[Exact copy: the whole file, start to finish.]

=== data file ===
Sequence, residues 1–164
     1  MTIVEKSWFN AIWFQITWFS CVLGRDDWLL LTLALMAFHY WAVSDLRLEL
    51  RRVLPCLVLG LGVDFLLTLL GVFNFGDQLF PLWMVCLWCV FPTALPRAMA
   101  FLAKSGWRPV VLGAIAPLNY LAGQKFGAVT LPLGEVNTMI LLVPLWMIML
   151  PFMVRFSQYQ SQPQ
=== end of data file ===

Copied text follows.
Sequence, residues 1–164
     1  MTIVEKSWFN AIWFQITWFS CVLGRDDWLL LTLALMAFHY WAVSDLRLEL
    51  RRVLPCLVLG LGVDFLLTLL GVFNFGDQLF PLWMVCLWCV FPTALPRAMA
   101  FLAKSGWRPV VLGAIAPLNY LAGQKFGAVT LPLGEVNTMI LLVPLWMIML
   151  PFMVRFSQYQ SQPQ